Furthermore, there are other NEXRAD products that can be very useful in flight. This includes another volume product called vertically integrated liquid (VIL) shown above. As mentioned earlier, composite reflectivity looks at all elevation angles of the radar for a particular volume scan and shows the highest reflectivity return in the column. VIL is similar, but is a summation of the reflectivity in the column. VIL is often an indicator of the storms’s updraft strength and has a strong link to observed hail size.
Severe weather and aircraft don’t mix
You might say hindsight is 20/20, but this isn’t about second guessing a pilot’s decision. Instead, it’s a plea that aircrews should have more information available to them to make better informed decisions. There’s no doubt this was a risky choice; not only a risk of hail damage, but the threat of dangerous convective turbulence. The weather on both sides of the flight path consisted of severe thunderstorms. At 0055 UTC, the Aviation Weather Center (AWC) had issued two convective SIGMETs (WSTs) covering both areas of severe thunderstorms. Whether thunderstorms are severe or not is determined by the local weather forecast offices, but was echoed in the text of these convective SIGMETs. Both advisories suggested the potential for hail up to 2 inches in diameter as shown below.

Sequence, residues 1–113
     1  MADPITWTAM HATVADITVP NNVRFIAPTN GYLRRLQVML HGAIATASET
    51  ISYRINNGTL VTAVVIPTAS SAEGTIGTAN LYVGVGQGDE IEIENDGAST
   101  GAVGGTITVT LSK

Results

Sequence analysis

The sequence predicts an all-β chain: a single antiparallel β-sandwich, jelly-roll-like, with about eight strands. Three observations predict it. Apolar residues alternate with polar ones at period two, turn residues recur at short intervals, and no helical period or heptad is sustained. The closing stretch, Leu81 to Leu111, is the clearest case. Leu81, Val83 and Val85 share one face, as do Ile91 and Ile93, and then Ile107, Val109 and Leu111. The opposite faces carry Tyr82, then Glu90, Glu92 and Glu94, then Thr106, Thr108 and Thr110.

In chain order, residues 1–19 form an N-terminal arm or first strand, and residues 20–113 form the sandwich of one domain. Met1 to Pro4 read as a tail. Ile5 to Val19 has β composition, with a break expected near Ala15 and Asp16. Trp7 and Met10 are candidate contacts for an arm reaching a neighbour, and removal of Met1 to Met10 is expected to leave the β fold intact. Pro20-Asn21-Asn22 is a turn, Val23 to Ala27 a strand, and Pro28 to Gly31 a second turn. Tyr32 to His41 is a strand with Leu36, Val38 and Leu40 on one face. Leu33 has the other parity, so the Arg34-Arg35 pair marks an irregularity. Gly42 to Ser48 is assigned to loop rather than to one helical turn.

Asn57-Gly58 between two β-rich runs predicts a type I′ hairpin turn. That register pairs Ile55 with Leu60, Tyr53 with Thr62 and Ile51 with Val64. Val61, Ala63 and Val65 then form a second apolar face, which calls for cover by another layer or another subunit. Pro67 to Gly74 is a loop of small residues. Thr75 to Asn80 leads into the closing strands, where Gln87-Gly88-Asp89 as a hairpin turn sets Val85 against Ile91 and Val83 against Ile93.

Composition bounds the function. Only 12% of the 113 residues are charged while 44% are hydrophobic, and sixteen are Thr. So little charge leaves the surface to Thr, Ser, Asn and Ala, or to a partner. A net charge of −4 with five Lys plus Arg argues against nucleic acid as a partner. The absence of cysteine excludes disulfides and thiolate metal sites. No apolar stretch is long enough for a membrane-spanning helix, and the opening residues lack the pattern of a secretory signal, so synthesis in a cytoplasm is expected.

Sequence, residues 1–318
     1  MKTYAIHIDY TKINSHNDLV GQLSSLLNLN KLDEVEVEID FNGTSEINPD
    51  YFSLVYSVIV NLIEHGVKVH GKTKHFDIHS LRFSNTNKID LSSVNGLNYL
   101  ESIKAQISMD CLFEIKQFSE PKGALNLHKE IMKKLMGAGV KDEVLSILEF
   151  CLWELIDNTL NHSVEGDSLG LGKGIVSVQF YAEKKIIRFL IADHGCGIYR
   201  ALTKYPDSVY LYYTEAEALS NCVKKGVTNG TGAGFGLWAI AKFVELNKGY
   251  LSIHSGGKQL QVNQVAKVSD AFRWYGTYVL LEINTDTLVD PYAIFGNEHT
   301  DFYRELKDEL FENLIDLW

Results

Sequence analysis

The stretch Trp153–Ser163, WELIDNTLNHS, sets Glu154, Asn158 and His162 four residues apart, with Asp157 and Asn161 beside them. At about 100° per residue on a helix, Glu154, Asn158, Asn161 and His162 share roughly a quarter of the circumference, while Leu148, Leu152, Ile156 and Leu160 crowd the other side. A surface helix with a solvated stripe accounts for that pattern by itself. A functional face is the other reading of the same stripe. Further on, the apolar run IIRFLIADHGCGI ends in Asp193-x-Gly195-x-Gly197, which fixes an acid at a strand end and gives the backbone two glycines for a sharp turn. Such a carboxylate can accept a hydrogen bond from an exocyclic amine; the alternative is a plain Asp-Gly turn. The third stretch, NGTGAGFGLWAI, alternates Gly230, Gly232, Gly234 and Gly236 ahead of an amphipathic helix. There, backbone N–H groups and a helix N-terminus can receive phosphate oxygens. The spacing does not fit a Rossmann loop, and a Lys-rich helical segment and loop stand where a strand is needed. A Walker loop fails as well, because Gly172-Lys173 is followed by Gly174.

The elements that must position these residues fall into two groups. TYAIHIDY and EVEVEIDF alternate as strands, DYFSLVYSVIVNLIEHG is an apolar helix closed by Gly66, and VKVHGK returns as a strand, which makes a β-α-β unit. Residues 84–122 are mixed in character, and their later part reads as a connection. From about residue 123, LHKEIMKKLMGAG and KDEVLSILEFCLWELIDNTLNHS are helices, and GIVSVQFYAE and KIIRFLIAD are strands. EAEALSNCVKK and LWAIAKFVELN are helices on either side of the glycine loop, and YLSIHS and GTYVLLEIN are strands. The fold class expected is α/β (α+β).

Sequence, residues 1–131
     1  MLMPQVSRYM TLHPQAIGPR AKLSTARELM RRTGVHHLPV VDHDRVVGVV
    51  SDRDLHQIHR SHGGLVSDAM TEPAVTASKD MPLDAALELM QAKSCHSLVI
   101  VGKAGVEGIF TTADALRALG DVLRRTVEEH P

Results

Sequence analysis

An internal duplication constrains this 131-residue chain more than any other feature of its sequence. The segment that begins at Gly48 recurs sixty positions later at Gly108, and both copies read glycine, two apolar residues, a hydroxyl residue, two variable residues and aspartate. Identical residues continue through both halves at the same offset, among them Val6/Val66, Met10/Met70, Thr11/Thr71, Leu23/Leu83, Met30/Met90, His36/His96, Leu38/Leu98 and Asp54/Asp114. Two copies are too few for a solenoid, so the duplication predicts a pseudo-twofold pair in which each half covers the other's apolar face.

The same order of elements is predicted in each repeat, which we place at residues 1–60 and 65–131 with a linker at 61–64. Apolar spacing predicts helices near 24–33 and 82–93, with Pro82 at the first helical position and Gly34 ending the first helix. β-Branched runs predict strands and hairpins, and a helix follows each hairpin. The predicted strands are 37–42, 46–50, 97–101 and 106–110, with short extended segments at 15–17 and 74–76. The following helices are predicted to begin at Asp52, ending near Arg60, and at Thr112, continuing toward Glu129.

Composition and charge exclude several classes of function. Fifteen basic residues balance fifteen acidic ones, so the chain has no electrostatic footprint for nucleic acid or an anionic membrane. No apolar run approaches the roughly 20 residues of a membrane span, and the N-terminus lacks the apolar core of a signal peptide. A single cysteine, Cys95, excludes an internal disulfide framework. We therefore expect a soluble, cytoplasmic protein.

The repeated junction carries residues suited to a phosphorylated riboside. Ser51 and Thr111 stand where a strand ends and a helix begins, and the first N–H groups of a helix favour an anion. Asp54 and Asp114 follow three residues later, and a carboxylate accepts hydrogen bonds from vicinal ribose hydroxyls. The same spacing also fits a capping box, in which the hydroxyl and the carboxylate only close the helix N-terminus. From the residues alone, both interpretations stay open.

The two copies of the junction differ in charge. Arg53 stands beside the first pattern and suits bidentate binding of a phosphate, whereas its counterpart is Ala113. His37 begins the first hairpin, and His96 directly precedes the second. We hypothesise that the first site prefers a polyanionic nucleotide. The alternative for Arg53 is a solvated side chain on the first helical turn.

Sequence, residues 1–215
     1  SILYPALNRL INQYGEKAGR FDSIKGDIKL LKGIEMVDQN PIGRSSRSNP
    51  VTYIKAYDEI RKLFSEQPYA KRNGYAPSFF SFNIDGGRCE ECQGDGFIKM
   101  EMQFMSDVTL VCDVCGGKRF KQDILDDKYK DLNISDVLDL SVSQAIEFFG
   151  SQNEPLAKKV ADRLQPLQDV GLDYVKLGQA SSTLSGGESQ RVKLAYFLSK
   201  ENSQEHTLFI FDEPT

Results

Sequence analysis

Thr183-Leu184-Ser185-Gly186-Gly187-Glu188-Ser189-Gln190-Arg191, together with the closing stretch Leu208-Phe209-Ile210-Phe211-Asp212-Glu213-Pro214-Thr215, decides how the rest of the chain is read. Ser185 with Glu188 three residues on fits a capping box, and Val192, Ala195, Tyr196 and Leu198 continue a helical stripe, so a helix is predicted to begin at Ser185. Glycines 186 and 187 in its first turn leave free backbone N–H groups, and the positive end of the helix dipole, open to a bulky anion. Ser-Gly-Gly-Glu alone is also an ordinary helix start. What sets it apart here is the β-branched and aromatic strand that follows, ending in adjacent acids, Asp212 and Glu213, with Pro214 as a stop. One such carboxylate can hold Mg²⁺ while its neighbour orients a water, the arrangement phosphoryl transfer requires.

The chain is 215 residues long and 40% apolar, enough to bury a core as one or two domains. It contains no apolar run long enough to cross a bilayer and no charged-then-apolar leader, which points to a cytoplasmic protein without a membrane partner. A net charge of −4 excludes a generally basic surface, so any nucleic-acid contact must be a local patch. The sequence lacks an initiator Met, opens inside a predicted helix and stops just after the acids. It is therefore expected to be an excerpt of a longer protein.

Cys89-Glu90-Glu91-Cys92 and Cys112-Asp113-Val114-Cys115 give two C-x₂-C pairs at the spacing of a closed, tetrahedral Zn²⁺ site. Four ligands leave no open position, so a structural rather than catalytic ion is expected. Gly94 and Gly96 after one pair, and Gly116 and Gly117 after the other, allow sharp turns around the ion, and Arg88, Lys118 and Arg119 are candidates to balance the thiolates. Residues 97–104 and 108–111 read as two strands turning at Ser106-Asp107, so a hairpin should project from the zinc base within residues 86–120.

It’s time to end this madness
It’s the middle of the second decade of the 21st century and no airplane should end up flying into a thunderstorm and encounter hail and turbulence like that of Delta Flight 1889. Was this just a case of being in the wrong place at the wrong time? Not likely. Perhaps a bit of bad timing, but it was not some kind of surprise encounter that removed the paint and dented the nose cone of this A320. Not only that, but the hail nearly shattered the pilot and co-pilot’s front windscreen making it look like something you’d see in a Hollywood movie. As Stu Ostro, a senior meteorologist at The Weather Channel, commented: “hail shafts aren’t like lightning bolts from the blue shooting way out the side of a storm.”
It’s time to start requiring commercial aircraft to have unlimited access to weather information in the cockpit – more than just onboard radar. Many aircraft equipped with Wi-Fi could easily connect to any number of ground-based weather sources and display it on a mobile device such as an iPad. Even with a device like a Stratus, the FIS-B data broadcast is still lagging way behind the available technology. So it’s time to start providing pilots with more than just basic weather data that mimics the heavy textual weather of the 1980s. There’s no doubt that getting more graphical weather data in the cockpit along with some focused training will keep professional aircrews from flying blindly into a hailstorm. Fortunately for those on board Delta Flight 1889, this flight ended well.
However, right now airlines are stuck in this information-age purgatory. Is this due to cost? Probably, but there’s no encouragement by the FAA for airlines to equip pilots with this potentially live-saving guidance. This encounter should be a wakeup call to those stakeholders in aviation safety to allow, if not require, pilots to have unfettered access in the cockpit to whatever weather data is necessary to make every flight an uneventful one. What is it going to take to make this happen? Hopefully it will not be an event that has a tragic ending. But that’s usually the way it works.